Ordinary is Good

November 1, 2001

2 Min Read
Ordinary is Good

Bill Wolpin

If we've learned anything in the past couple of years, it must be that both optimism and pessimism mimic diseases. They spread insidiously throughout the body politic, and if left unchecked, both can prove dangerous to our way of life. Of course, few seek to balance optimism. But during economic times such as this, it becomes important to find the counterweights.

For example, one of the major contributions of the recent WASTECON show held in Baltimore in mid-October is that it helps tip the emotional scales in the right direction. It wasn't that the show was extraordinary, in fact, it was its ordinary self — well-organized, well-attended and meeting the needs of its primary audience: municipal solid waste leaders.

As odd as this may sound, in this case being ordinary is what proves to be extraordinary. While the final attendance numbers are not tallied, show management did confess that the first day exceeded expectations, and by my and many others' observations, the second day was even better.

More importantly, the general feeling on the show floor was optimistic, admittedly based on lowered expectations. No one knew what to expect, considering that business is flat in many quarters. Few would have been surprised if attendance was low. Fortunately, the opposite for this show appears to be true, and it comes at a good time for all of us.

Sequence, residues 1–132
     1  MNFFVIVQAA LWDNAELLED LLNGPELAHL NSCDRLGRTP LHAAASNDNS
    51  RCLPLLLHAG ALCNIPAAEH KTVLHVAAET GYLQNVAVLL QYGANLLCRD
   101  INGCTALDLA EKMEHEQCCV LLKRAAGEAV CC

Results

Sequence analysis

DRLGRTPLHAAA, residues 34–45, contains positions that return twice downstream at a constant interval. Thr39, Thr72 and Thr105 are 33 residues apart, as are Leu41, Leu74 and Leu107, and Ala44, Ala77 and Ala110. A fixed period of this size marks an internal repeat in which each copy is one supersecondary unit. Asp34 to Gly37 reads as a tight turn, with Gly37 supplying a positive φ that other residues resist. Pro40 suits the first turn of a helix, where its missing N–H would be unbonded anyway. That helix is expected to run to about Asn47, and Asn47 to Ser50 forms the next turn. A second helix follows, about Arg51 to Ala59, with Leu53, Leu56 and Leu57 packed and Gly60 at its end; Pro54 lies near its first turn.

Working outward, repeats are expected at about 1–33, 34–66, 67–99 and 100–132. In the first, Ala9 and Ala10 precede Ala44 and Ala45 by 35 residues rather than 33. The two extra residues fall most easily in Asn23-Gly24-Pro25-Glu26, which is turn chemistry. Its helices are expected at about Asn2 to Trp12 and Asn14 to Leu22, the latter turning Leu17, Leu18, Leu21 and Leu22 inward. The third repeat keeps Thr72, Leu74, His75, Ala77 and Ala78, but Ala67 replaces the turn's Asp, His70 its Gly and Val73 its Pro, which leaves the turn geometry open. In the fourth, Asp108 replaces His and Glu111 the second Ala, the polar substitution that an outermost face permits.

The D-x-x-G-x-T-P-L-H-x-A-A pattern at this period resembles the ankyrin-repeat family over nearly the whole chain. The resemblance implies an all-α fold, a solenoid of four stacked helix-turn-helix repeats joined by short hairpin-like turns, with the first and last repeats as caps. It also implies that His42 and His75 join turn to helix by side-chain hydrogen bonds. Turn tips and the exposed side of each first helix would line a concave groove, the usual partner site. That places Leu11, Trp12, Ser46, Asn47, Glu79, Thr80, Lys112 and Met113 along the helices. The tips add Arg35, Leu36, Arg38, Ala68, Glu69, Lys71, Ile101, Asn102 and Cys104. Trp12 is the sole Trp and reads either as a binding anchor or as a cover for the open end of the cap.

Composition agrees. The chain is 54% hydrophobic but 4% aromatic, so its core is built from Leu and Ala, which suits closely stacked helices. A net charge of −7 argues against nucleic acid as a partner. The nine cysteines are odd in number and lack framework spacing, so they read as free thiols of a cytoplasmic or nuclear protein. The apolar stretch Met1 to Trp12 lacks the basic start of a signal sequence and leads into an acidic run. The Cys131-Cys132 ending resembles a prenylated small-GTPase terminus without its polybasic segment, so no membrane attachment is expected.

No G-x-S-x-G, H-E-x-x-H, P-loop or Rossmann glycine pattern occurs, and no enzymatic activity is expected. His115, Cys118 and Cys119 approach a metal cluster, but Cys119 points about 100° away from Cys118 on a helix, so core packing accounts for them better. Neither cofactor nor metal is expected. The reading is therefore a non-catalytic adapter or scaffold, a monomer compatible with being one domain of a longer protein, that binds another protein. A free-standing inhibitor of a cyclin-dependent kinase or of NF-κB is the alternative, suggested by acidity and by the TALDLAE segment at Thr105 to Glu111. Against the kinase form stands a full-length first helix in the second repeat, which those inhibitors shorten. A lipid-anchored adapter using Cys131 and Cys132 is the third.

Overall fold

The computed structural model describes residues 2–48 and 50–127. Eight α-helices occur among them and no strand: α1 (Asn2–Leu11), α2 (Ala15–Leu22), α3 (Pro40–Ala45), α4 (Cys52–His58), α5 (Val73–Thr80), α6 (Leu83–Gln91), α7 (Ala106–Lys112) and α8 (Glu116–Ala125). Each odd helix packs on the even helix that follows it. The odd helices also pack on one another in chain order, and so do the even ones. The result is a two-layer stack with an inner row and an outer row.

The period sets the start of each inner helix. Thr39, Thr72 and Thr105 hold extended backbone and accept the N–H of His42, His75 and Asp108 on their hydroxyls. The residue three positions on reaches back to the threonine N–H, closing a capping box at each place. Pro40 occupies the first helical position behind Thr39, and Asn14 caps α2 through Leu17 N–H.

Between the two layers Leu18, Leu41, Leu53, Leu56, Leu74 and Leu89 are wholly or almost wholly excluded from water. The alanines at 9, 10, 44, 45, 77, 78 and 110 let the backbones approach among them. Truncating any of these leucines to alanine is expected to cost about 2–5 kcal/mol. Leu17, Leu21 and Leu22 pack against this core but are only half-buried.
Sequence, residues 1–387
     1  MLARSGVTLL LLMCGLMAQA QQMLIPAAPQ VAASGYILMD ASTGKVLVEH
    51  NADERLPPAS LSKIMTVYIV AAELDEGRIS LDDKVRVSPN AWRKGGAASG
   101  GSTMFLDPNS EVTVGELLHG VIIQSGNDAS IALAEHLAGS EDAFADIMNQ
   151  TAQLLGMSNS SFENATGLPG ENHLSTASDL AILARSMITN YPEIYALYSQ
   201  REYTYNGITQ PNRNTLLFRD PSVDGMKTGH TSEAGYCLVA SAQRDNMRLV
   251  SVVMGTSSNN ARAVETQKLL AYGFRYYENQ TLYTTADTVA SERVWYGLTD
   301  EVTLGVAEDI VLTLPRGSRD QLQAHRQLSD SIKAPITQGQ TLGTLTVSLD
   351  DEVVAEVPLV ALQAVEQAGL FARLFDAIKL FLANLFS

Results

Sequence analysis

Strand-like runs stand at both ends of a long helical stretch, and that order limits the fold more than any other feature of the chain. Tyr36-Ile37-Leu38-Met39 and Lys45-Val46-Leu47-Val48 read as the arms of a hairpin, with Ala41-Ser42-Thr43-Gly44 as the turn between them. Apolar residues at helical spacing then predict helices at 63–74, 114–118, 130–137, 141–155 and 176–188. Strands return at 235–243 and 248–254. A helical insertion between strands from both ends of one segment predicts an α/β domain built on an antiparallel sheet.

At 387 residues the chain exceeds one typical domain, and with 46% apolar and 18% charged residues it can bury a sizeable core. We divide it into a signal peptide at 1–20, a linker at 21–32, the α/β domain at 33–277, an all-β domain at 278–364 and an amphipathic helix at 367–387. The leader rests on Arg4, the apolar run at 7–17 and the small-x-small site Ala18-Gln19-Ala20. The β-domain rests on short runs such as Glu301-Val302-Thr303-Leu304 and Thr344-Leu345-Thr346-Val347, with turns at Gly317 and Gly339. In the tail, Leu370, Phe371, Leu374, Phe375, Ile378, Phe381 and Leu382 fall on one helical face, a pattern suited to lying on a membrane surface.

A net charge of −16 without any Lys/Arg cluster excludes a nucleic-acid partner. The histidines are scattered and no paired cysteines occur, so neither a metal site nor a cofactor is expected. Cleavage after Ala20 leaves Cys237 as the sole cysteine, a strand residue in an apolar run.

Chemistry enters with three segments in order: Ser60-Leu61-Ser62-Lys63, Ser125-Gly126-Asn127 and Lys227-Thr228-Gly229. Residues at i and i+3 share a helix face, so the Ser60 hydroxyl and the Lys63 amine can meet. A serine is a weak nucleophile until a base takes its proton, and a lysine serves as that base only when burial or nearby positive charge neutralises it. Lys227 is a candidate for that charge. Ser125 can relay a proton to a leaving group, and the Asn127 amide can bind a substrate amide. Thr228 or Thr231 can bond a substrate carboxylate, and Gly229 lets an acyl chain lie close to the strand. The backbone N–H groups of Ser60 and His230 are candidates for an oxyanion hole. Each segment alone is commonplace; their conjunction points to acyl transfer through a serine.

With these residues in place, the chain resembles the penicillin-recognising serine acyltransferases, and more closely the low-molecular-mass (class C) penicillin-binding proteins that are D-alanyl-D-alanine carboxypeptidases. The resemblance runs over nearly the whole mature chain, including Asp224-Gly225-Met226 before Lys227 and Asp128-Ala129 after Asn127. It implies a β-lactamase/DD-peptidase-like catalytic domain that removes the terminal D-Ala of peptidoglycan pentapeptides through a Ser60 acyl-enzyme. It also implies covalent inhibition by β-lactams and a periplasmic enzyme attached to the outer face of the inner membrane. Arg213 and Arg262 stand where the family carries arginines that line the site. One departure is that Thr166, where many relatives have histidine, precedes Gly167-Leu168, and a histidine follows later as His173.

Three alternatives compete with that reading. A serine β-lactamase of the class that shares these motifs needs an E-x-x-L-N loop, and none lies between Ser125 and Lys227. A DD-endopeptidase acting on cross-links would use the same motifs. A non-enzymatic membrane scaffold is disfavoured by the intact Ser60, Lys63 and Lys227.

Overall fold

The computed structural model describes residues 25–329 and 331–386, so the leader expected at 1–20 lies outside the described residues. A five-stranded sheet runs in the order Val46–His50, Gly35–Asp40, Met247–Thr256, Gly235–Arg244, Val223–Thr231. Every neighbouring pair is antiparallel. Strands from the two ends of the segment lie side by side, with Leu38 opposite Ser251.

Consumer confidence is low and uncertainty is high, which is why we need to remind ourselves that we exist in a relatively recession-proof industry. Nothing makes that clearer than the never-ending flow of discarded materials at the curb.

Yes, the waste stream is affected by a downturn in construction and consumer purchasing, which will lead to pricing issues. But as WASTECON's attendance reminds us, even during these times, ordinary reality trumps glamorous optimism or numbing pessimism every time.

On a personal note: I would like to congratulate Rita Ugianskis, WasteExpo's show director, for receiving the Expo Group Show Manager of the Year award, which recognizes the “unsung heroes” of the tradeshow industry.

I also would like to congratulate the Waste Age editorial staff for winning the Folio: Editorial Excellence Award for best “Science and Technology” magazine in the United States. This is one of the highest honors bestowed in the magazine publishing industry, and this year we find ourselves in good company. Winners in other categories include Industry Week, Car & Driver, Business 2.0, Builder, Engineering News Record, PC Magazine, and our sister publication, Fleet Owner.

Folio:'s Editorial Excellence Award is the seventh national or state award presented to Waste Age in 2001.

The author is the editorial director of Waste Age Publications.

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